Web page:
• January 30 – the first case of person-to-person transmission was confirmed in Chicago, between a married couple, after the wife returned from China. The WHO named the coronavirus outbreak that originated in Wuhan, China, a Public Health Emergency of International Concern, warning that “all countries should be prepared for containment, including active surveillance, early detection, isolation and case management, contact tracing and prevention of onward spread”
  • January 31 – another case of a person who returned from Wuhan was confirmed in California, which marked the seventh known case in the U.S. The Trump Administration, through the U.S. Department of Health and Human Services, declared a public health emergency, and imposed a mandatory 14-day quarantine for any U.S. citizen who has visited Hubei Province in China within the preceding two weeks. It also began denying entry of non-U.S. nationals who had traveled to China within the preceding two weeks. This was the first such travel restriction by the U.S. in more than 50 years
  • February 3 – 49 members of Congress signed a letter to CDC Director Redfield highlighting the urgency of distributing a rapid diagnostic kit that could be processed locally, rather than centrally at the CDC in Atlanta, which they referred to as an “unsustainable bottleneck” as the number of suspected cases rise. Reuters reported that WHO chief Tedros Adhanom Ghebreyesus said there was no need for measures that “unnecessarily interfere with international travel and trade” to halt the coronavirus. He praised the Chinese response, and referred to the virus’s spread as “minimal and slow”
  • February 5 – the twelfth case is discovered: another college student from Wisconsin. That day, the U.S. evacuates 345 citizens from Hubei Province and takes them to two air bases in California to be quarantined for 14 days. Another government evacuation flight takes place on February 6, containing 300 passengers, most of who are taken to bases in Nebraska and Texas. By this time, more than 500 people are quarantined at three air bases
  • February 6 – the Centers for Disease Control began sending 90 of its own viral detection tests to state-run labs which discovered the tests were inadequate and viral samples had to be shipped to the Atlanta CDC lab instead. Also, the WHO Director-General said: “We have shipped 250,000 tests to more than 70 laboratories around the world, and we’re training lab workers to use them.” Researchers at Stanford and other laboratories had developed tests following the WHO protocol, but “relatively tight” rules at the Food and Drug Administration discouraged them from using them. These rules were not relaxed until early March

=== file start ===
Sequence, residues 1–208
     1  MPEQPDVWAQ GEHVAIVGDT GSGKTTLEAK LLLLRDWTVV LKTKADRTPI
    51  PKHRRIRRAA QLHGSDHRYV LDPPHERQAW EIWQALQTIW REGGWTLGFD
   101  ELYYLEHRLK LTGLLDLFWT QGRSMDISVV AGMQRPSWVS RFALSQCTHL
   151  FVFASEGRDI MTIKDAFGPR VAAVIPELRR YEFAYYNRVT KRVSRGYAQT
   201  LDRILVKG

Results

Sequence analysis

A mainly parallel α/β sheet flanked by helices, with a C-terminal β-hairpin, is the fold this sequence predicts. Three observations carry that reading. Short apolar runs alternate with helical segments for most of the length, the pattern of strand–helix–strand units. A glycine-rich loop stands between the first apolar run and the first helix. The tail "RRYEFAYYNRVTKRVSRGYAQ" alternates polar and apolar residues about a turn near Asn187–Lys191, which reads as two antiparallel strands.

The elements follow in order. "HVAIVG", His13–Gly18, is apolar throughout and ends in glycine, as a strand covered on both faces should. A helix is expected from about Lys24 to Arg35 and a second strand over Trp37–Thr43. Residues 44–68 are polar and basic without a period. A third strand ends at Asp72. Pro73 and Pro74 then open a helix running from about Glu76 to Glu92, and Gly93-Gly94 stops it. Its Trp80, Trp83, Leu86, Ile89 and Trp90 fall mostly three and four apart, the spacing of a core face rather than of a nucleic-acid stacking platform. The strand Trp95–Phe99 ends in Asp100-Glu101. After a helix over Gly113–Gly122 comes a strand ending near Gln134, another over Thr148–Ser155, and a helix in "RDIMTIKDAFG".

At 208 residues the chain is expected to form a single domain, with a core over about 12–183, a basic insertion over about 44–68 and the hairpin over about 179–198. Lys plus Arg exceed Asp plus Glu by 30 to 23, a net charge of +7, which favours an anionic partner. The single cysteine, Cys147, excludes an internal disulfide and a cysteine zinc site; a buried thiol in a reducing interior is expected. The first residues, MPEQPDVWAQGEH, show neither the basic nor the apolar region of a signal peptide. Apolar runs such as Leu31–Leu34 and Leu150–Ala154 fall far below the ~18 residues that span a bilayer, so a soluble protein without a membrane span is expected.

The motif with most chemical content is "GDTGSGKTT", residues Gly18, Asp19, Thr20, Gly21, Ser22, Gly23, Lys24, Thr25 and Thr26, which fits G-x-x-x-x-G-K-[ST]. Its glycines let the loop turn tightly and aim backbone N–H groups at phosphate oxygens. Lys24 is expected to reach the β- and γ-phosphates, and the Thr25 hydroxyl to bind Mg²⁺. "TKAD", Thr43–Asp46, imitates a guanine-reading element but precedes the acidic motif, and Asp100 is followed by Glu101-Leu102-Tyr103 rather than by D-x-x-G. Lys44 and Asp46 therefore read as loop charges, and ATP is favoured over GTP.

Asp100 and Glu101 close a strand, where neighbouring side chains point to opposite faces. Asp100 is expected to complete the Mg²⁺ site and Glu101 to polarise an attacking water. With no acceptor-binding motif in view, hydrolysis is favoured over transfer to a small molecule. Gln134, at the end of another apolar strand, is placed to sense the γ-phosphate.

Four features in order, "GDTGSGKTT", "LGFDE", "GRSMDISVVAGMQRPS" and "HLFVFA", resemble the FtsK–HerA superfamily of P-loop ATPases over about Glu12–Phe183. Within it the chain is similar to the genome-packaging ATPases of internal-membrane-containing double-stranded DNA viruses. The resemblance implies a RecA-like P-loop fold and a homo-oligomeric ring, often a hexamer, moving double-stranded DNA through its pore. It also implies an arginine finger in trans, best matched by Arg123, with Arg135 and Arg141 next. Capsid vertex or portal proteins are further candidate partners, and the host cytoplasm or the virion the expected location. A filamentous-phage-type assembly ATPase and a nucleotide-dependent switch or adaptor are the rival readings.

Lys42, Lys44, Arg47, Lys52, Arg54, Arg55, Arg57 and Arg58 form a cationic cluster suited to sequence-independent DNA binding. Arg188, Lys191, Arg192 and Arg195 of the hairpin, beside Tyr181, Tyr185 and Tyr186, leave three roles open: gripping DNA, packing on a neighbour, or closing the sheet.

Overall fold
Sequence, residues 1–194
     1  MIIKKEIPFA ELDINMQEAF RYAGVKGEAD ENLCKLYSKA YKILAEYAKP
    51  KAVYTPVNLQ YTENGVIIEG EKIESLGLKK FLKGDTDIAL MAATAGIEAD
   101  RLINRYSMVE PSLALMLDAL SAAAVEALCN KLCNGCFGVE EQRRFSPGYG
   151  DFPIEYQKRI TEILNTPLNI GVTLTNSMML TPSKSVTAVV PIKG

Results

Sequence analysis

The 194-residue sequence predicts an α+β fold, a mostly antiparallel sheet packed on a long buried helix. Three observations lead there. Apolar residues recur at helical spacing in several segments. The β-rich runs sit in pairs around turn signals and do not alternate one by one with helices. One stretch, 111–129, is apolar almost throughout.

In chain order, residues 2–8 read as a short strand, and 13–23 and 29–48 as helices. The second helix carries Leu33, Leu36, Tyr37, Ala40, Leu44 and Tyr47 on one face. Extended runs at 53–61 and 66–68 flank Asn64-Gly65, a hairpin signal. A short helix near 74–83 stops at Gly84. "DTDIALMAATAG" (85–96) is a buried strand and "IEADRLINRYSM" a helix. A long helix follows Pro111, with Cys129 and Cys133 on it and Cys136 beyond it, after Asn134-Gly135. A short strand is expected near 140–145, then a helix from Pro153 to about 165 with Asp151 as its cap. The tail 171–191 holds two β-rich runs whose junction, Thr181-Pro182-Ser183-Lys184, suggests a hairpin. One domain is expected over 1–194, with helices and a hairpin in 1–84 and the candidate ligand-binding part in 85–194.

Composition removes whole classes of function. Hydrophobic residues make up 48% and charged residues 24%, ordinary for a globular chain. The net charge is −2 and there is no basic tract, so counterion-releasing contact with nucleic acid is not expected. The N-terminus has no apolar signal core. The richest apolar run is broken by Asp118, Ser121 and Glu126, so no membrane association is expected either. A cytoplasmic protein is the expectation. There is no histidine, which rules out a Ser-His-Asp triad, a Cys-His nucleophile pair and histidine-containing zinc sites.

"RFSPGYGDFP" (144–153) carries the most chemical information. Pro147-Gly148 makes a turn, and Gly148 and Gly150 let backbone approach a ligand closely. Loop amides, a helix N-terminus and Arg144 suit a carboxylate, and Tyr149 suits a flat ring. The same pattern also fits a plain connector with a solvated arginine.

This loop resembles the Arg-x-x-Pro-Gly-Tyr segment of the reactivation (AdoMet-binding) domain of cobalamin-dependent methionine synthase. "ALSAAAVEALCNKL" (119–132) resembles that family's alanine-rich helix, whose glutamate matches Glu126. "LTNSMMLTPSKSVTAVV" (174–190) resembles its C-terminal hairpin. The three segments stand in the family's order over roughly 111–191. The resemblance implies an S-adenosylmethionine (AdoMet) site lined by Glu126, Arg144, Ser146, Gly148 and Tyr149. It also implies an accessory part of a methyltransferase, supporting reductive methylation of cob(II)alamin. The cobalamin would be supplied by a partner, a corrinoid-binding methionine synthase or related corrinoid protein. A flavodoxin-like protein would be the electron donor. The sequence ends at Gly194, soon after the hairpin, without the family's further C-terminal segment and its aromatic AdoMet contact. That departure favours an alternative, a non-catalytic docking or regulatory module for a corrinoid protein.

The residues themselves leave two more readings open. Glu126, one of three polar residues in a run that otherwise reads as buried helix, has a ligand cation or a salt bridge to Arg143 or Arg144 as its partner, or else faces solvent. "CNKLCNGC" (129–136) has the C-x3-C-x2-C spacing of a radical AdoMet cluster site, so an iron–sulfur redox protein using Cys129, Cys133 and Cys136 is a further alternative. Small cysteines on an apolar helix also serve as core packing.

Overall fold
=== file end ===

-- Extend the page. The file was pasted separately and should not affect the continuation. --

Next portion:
• February 11 – WHO Director-General Tedros Adhanom Ghebreyesus said in a briefing: “[A] virus is more powerful in creating political, economic and social upheaval than any terrorist attack … If the world doesn’t want to wake up and consider this enemy virus as Public Enemy Number 1, I don’t think we will learn our lessons”
  • February 15 – the government evacuates 338 U.S. nationals stranded aboard the cruise ship Diamond Princess, which had been held in quarantine in Yokohama, Japan. Fourteen of those repatriated people are infected with the virus. Five more nationals who were also reported as being infected are evacuated from the ship the following week, and are quarantined at an airbase in California. Six more cases are subsequently confirmed among those who were evacuated from the cruise ship
  • February 20 and 21 – two more cases of people who had returned from China are confirmed in California. The first case of community transmission, because it had no known origin, is confirmed in Solano County, California. A second case of unknown origin is confirmed two days later, also in California, followed by others in Oregon and Washington state
  • February 24 – President Trump tweeted: “The Coronavirus is very much under control in the USA … CDC and WHO have been working hard and very smart.” Speaker Pelosi, when asked if people should stay away from San Francisco’s Chinatown stated: “That’s what we’re trying to do today is to say everything is fine here,” Pelosi said. “Come because precautions have been taken. The city is on top of the situation.”
  • February 25 – HHS Secretary Azar testified before the U.S. Senate. National Geographic summarized his testimony, reporting that “the Strategic National Stockpile has just 30 million surgical masks and 12 million [N95] respirators in reserve.” An additional 300 million of each could be required to protect health workers. HHS said it intended to purchase as many as half a billion respirators and surgical face masks over the next year and a half. National Geographic concluded that the “U.S. has only a fraction of the medical supplies it needs to combat coronavirus”
  • February 26 – President Trump said: “When you have 15 people, and the 15 within a couple of days is going to be down close to zero, that’s a pretty good job we’ve done.” Vice-President Mike Pence was appointed to lead the Coronavirus Task Force, replacing HHS Secretary Azar as the group’s leader. Pence was the first official from within Trump’s White House to coordinate the planning and response, two months after the government became aware of the coronavirus
  • February 28 – the CDC revised its faulty test for COVID-19
  • February 29 – the first death from coronavirus in the U.S. was reported at Evergreen Health Medical Center in Kirkland, Washington, followed by two other confirmed cases in a nursing home in the same city. (Later, it would be reported that the first U.S. death had actually occurred on February 6.) New cases continued to show up in California and Illinois. The Food and Drug Administration began loosening rules that had restricted labs from developing their own coronavirus tests